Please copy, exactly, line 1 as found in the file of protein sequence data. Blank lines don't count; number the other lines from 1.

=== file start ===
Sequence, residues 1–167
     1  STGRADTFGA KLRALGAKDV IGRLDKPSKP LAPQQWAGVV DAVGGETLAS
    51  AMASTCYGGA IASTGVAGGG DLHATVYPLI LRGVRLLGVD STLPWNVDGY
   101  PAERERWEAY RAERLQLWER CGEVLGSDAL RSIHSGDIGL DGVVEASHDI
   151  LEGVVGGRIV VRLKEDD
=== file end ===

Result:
Sequence, residues 1–167